The last filmed episode of The Lucy-Desi Comedy Hour: Lucy Meets the Mustache (1960) was the last time Lucille Ball and Desi Arnaz would work together. Immediately after filming, Lucille Ball filed for divorce. This episode - and the background drama of these 2 - had been subsequently talked about. (Edie Adams discussed in detail that during the filming - and especially whilst she was singing, Lucy's eyes were visibly red... from crying. Though Ms Adams says no one on the set discussed, or even knew exactly what was going on).
Near the end of the series, William Frawley and Vivian Vance were offered their own spin-off series. William Frawley was for it, but not Vivian Vance; neither got along well with another, off-camera. Vance turned it down primarily due to not wishing to continue to work with Frawley. She also felt the Mertzes as leads would not work without the Lucy (Lucille Ball) character.
A major plotline of the final episodes of I Love Lucy (1951) (and the reason the Mertzes were able to move to Connecticut) was running the egg farm on the Ricardo's property.,During the entire run of The Lucy-Desi Comedy Hour (1957), the egg business plot was dropped, except a single mention in one episode
When this series was still being negotiated by Desi Arnaz, with CBS, a big sticking problem in negotiations was... money (what else is new?). I Love Lucy (1951)'s sponsors (P&G and General Foods) would pull out, due to the cost, and limited number of episodes (meaning less ad time but at a higher cost). Ford Motors agreed - to promote their brand new car (the Edsel). They pulled out before the second series of episodes. Westinghouse became sponsor for the next 2 seasons, with a contract for 7 episodes (8 were produced).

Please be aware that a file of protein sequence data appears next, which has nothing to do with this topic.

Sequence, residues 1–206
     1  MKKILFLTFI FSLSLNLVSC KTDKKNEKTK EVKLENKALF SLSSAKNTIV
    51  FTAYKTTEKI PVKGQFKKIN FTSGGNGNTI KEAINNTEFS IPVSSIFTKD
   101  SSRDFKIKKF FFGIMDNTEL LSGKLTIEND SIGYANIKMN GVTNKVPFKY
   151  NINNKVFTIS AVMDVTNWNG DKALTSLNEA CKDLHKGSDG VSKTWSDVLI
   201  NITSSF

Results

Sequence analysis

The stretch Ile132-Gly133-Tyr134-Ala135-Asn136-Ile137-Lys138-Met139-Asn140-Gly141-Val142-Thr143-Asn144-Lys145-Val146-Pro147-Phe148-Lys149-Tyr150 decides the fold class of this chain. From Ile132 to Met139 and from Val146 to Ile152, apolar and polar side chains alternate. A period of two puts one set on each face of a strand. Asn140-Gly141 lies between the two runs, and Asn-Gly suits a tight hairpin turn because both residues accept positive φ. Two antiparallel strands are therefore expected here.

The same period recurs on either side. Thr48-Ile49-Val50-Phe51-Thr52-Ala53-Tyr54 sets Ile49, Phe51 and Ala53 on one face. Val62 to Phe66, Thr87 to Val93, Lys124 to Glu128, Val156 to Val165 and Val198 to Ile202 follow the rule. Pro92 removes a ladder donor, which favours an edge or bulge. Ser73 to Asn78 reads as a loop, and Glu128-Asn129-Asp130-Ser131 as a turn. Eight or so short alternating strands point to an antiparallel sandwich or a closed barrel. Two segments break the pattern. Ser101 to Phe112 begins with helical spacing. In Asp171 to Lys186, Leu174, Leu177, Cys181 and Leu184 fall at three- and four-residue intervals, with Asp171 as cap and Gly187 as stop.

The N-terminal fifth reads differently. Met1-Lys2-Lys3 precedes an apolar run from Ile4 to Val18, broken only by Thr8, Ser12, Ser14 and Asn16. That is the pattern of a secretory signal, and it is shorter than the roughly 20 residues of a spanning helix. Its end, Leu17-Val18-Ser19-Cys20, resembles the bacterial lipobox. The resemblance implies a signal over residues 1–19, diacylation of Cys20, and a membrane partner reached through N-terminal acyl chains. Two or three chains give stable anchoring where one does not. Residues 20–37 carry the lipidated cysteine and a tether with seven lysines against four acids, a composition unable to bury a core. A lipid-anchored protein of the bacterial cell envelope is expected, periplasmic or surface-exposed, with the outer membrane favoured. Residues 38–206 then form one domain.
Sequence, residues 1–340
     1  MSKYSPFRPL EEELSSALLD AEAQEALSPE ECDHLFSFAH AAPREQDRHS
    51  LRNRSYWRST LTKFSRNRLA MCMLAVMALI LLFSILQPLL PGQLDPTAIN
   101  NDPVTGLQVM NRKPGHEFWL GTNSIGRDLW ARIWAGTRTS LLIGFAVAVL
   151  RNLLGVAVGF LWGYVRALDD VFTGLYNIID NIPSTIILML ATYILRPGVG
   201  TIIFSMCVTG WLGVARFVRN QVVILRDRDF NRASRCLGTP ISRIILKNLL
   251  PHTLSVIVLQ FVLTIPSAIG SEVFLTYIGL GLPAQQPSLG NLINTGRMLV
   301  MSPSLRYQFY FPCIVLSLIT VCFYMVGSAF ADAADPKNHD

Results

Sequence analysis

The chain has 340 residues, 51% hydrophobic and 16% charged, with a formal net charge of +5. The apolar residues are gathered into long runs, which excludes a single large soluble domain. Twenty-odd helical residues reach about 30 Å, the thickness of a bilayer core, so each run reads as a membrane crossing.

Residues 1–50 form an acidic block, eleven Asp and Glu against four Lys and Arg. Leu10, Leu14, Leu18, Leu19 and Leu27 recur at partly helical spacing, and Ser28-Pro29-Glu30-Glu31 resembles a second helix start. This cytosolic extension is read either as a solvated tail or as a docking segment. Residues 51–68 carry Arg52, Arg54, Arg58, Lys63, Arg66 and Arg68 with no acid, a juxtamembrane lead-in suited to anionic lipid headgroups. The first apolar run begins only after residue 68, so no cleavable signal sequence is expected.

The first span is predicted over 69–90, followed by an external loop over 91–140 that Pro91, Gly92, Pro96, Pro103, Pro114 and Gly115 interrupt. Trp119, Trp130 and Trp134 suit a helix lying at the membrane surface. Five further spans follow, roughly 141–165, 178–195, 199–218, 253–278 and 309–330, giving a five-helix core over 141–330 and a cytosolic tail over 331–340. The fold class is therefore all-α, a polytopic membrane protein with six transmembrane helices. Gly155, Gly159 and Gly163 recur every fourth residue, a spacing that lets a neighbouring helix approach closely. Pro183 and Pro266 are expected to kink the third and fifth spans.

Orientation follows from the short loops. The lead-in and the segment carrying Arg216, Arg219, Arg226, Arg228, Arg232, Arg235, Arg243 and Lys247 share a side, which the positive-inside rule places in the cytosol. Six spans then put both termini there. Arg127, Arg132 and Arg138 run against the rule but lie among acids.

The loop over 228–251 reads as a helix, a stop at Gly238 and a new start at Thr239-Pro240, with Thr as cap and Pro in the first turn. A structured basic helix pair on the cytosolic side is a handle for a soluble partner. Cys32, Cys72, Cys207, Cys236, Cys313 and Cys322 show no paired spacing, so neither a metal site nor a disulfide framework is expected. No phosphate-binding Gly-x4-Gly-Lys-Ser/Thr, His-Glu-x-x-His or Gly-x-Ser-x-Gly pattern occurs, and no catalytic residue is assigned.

The Ricardo's Connecticut neighbors, the Ramsey's, (Ralph, Betty and son, Bruce), appear in 8 of the final I Love Lucy (1951) episodes. Lucy developed a relationship with Betty Ramsey (sometimes to Ethel's annoyance, During The Lucy-Desi Comedy Hour (1957), the Ramsey family was dropped, their name only mentioned twice; as little Ricky's babysitters.
The Lucy-Desi Comedy Hour (1957) never had a formal finale (which was a rare thing in those early years, anyway). Plans had been made early in 1960 for another (1961) series of episodes, and Debbie Reynolds had been signed to appear in one. No other signings were made. The regular cast were subsequently released in April, 1960, with the series' cancellation.
Little Ricky actor, Richard Keith was in all but one of this series' episodes. The only The Lucy-Desi Comedy Hour (1957) episode without him was the 8th; The Lucy-Desi Comedy Hour: Lucy Goes to Alaska (1959).
The reason of the series' name change (from I Love Lucy (1951)) was that shows' title - along with all the first several years worth of episodes - had been sold to CBS. The sale was done to give Ball and Arnaz the money needed too complete their purchase of RKO Studios, subsequently known as Desilu Studios (subsequently purchased in the late 1960's by Gulf+Western).